6 films you need to stream this Christmas

By Tristan Morris


It’s December twenty… something. I honestly don’t know. It’s that period between finishing work and going back, where time doesn’t really exist and you’re fatter than usual. You stay at home with your family and try your best to ignore them, and there’s nothing on telly. 

That’s what I’d say if it was any other year, but this is 2020, where we do things a little differently. 

We’ve not seen our loved ones for ages, to the extent that we now enjoy their company. Weird. We’ve been fat all year – so nothing new there, and we’ve paid for every available streaming platform this year, so we literally have everything to watch. Too much. Let me decide for you.

I’m not Buzzfeed, so I’m not going to list 38 Christmas films you’ve seen before, just some films that I think are good, you might not have seen, and where to stream them. I’ll also tell you the length, so that you can time grandad’s departure – e.g. “film’s over Bill, go home”, or something more polite. Up to you. 

Spider-Man: Into the Spider-Verse (2018), 1hr 57min, Netflix

It’s about 4pm Christmas day, there might be some children in your life, and even if there aren’t, you should still watch this one. I’m not a superhero fan at all, and Spider-Man to me is Tobey Maguire upside-down kissing people in the rain – but this really is incredible. Beautiful art style – so much detail in every corner of the frame, and it’s punctuated throughout with really nuanced comedy, which took me by surprise. It’s full of bright colours and flashing lights – God knows we all love them. This is one of the few comic book films I can wholeheartedly recommend. 

The Big Sick (2017), 2hrs, Amazon Prime

This film really caught me off guard. I hadn’t read much about it, and was genuinely overwhelmed by how hilarious and beautiful it is. Based on writer’s Kumail Nanjiani and Emily V. Gordon’s real-life meeting, it elegantly outlines a family culture clash, religious traditions, and a really unique perspective on forming a relationship that seems destined to fail. If you fancy a big cry at Christmas (best time for it in my opinion), watch this film. 

Behind the Candelabra, (2013) 1hr 58min, Netflix

Old but gold. Well, not that old. This is something your mum will love, and your dad might pull a face at. Just tell him it’s from the same director as Ocean’s 11 and it’s got the bloke from the Bourne films in it… And to be fair, it isn’t that dissimilar – large portions of it do take place in Las Vegas. It outlines the relationship between Liberace and his young lover Scott Thorson. It’s camp, loud and vibrant, but stick around a while longer and it becomes very dark. I’ve spent 2020 watching all of Steven Soderbergh’s films, and this was really one of my favourites.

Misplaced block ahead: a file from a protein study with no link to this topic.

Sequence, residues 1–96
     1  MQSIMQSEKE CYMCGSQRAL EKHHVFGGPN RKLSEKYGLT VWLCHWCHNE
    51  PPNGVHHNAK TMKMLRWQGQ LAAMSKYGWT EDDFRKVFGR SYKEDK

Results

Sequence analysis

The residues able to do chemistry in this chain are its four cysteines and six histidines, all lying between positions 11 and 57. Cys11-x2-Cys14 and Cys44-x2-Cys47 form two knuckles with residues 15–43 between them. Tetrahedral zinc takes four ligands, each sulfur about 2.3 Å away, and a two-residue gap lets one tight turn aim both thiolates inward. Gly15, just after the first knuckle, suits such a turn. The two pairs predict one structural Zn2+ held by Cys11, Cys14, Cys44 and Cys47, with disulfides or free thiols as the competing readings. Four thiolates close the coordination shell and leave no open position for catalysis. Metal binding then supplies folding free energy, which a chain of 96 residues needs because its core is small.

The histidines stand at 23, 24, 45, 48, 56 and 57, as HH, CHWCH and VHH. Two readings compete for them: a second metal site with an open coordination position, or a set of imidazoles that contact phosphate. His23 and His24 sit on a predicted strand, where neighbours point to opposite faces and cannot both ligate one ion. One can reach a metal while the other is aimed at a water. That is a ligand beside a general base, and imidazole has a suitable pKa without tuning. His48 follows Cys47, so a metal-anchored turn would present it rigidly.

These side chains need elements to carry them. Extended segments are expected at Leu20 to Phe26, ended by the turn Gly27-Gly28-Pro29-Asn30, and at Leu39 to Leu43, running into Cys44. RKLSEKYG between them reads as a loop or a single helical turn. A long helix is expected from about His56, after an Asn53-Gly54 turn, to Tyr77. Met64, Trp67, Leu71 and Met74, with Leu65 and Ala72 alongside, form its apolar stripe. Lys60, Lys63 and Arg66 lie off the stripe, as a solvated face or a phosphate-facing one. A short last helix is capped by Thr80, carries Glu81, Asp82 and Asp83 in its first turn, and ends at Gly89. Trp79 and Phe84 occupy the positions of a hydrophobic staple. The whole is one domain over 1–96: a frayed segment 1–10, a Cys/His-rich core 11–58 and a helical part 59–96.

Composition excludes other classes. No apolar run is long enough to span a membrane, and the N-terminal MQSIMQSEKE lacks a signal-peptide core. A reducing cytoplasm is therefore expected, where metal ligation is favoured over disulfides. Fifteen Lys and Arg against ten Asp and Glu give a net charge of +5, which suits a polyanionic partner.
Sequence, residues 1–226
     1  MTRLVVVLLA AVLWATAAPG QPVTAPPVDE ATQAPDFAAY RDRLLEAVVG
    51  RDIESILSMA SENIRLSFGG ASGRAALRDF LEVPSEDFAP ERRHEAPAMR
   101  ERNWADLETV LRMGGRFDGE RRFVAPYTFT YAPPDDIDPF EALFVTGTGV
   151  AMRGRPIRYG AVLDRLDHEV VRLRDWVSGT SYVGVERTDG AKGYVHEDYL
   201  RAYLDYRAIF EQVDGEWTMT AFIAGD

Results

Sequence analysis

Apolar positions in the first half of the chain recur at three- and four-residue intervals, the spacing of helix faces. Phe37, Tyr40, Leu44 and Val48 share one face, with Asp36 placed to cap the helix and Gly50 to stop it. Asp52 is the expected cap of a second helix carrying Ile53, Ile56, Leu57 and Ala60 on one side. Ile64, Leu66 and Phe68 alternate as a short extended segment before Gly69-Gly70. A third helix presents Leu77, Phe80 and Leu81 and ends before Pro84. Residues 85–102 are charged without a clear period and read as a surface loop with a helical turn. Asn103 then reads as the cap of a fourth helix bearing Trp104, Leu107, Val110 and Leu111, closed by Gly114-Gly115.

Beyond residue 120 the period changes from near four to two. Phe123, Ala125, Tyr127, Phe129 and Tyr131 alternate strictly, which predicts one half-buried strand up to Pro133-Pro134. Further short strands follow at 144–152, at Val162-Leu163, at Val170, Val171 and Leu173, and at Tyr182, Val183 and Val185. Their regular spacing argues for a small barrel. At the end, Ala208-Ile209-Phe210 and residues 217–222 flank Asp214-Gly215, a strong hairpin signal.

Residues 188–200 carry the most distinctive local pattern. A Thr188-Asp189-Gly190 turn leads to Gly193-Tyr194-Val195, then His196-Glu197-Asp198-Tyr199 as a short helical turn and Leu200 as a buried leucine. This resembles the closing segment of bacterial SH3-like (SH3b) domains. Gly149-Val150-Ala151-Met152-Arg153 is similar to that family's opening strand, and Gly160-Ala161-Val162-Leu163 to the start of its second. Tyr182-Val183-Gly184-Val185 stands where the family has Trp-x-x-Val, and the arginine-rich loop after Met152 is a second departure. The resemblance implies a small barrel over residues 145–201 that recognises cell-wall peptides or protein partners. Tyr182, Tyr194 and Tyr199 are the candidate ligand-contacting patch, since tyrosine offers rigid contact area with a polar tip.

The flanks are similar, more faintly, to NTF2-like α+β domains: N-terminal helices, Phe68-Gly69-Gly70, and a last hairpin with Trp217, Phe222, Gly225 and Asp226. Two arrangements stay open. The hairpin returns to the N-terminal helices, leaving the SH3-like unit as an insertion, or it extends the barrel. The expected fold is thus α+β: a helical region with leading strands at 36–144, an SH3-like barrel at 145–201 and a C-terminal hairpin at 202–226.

Whilst we’re at it, here are some more Soderbergh films I’ve loved, and they really are films for everyone.

High Flying Bird (Netflix), Out of Sight (Netflix), Logan Lucky (Prime) and obviously Contagion (Netflix), but we’ve already lived through that one, so feel free to skip it. 

If Beale Street Could Talk (2018), 1hr 59mins, Amazon Prime

2020 has been a very important year for black communities globally, and I think our collective eyes need to be opened as much as possible – for me, that really is in the media we consume. More black filmmakers need opportunities to create masterpieces, like Barry Jenkins does all the time. With a debut feature like Moonlight, and this as a follow up – it’s insane how talented he is. If Beale Street Could Talk is an incredibly heartbreaking film that you have to watch. 

Sorry To Bother You, (2018), 1hr 52mins, Netflix

This film is a wild ride. It is unpredictable, visually mesmerizing and belly-laugh funny. A debut from filmmaker Boots Riley – this is fresh, interesting, and challenges the norms of narrative structure. It’s uneasy and I don’t want to tell you a single thing about the plot. Just strap yourself in for the biggest turn of events this year… which is a very bold claim but I stand by it. 

Good Time, (2017), 1hr 42 mins, Netflix

“I wish I was a Safdie brother, I wish I was a Safdie brother, I wish I was a Safdie brother” – Me, to my actual brother, after watching this film. This film, from the brothers that made Uncut Gems, is a going to hurt you. It’s going to make you anxious and shout at the TV. That’s a good thing I think. It outlines a failed bank robbery, and an attempted prison break.

It’s New Years eve, you’re in tier 3, and while you’ve usually been going to bed at 9PM, you need to honour the tradition of staying awake till midnight, so see that it is in fact midnight. Fear not, for this film will keep you awake for the next 24 hours. Your heart pounding, your mind racing, your teeth clenched. It’s going to be rough, but you’ll make it through. And if that’s not the spirit of 2020, I don’t know what is. It has been uncomfortable, but if you’re reading this, you made it through. 

I wish I could have at least recommended one film released in 2020, but I honestly don’t think I can. Nothing has jumped out to me in the way that these films have this year. But there is so much content that I can recommend from this year, and you can find it all on our Instagram. In our annual 12 days of content series, we’ve been showcasing some incredible games, visually striking films and some beautiful design work to look back on. And hey – 2021 is just around the corner. 

Want to see some of our work? Check out some of our recent projects from 2020 here